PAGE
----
PORT CLINTON -- Sarah Vosper Williams, who had been active in many community groups, including Junior League of Toledo, Wolcott House Museum in Maumee and Keeper's House Museum, died Feb. 21 at home in Ottawa County's Catawba Island Township. She was 83.
Her son, Tom Williams, said she died of heart failure.
She and her late husband, William, moved in 1969 from Ottawa Hills to Cleveland Heights, where they lived until 1980, when they relocated to Catawba Island.
Mr. Williams said his parents became supporters of the Keeper's House Museum, next to Marblehead Lighthouse State Park.
She was born June 29, 1928, to Mary Bissel Vosper and Waynard Vosper, who was the son of Toledo industrialist William Vosper, developer of a method for cutting pipe threads. He went on to become president of Toledo Threading Machine Co.
Mrs. Williams attended Columbus School for Girls and graduated in 1946 from Ottawa Hills High School.
Mr. Williams said his mother attended the University of Michigan for two years before accepting a job at the Museum of Comparative Zoology at Harvard University.
Mr. Williams said his mother was assistant to the curator of small mammals at the institution.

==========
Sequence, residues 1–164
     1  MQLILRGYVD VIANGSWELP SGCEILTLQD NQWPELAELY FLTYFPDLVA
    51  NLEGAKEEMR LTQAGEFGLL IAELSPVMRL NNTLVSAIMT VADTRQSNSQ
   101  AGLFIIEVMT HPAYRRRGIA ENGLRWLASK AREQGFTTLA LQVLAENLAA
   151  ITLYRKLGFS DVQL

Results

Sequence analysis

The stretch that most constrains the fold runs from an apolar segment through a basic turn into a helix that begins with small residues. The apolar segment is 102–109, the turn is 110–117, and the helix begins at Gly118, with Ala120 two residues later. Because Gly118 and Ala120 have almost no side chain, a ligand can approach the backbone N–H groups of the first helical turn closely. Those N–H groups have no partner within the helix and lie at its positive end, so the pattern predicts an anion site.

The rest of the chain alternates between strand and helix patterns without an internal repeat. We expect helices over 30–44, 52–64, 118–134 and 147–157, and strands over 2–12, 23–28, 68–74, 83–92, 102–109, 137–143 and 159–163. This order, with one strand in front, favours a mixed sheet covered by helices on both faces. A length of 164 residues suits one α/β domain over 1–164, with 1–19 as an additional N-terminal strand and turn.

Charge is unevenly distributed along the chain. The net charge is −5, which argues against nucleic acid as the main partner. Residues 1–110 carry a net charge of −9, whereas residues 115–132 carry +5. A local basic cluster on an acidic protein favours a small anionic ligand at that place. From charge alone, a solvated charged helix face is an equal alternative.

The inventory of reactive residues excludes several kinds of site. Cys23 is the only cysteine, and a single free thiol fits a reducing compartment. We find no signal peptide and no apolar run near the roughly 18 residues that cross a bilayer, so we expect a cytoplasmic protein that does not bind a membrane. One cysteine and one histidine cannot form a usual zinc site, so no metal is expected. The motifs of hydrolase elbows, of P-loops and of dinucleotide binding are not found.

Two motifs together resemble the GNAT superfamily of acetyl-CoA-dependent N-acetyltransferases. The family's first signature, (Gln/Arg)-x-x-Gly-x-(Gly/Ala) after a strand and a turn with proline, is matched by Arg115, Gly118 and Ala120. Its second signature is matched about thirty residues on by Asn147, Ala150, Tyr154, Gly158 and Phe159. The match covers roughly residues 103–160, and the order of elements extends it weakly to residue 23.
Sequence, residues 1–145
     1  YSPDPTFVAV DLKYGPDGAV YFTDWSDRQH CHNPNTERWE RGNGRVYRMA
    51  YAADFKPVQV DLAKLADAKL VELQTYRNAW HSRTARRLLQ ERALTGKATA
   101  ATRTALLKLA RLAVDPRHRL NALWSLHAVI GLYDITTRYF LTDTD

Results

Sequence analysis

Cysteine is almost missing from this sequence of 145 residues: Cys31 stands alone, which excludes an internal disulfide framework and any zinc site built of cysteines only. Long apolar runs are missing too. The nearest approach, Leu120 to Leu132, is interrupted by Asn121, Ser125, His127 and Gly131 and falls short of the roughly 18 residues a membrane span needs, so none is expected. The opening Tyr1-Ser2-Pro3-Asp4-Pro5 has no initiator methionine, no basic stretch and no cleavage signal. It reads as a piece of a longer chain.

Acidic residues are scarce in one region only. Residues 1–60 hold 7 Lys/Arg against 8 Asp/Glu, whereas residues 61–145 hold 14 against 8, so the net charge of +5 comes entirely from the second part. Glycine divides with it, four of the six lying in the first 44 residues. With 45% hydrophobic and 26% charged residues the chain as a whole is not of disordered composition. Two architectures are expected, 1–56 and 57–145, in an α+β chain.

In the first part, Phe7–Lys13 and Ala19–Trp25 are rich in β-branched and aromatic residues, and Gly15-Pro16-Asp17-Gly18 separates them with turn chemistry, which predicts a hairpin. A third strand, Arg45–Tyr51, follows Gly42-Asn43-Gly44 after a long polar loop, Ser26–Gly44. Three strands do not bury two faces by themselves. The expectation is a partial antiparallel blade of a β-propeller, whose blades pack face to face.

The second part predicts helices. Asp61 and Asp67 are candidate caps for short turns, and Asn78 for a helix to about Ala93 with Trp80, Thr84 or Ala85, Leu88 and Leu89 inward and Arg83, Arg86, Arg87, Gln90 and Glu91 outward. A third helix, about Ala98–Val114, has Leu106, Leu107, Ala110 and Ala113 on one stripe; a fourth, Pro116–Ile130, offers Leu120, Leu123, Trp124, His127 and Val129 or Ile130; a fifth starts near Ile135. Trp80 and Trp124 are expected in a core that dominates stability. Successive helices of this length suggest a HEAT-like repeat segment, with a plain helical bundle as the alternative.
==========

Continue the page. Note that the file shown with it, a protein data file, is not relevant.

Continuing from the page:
He said she stayed at the museum for several years and returned to the Toledo area to work as a commodities trader for Cargill.
Mrs. Williams met her husband on a blind date that was arranged by mutual friends, their son said.
They were married Aug. 29, 1953.
Mr. Williams died Sept. 5, 2004.
Mr. Williams said she focused on raising and caring for her family but also devoted energy and time to volunteering and community groups.
"She became very active in the Wolcott House and the Toledo Museum of Art, and she did other stuff in what would be called outreach nowadays," he said.
She also was active in the Junior League of Toledo, helping the membership plan, develop, and distribute the 1965 film Fate of a River, which reported on pollution in streams in the Maumee River watershed.
Mrs. Williams was a board member and docent at the Wolcott House and a member of Questers, a group concerned with preserving antiques and historic buildings.
After the family moved to the Cleveland area, Mrs. Williams was on the board of the Cleveland Institute of Music and the Garden Center.
Surviving are her sons, W. Edwin, Thomas L., and Dr. Richard Williams, and three grandchildren.
There were no services. The family suggests tributes to Keepers House Museum in Marblehead.
Arrangements were handled by the Neidecker, LeVeck & Crosser Funeral Home, Port Clinton Chapel.
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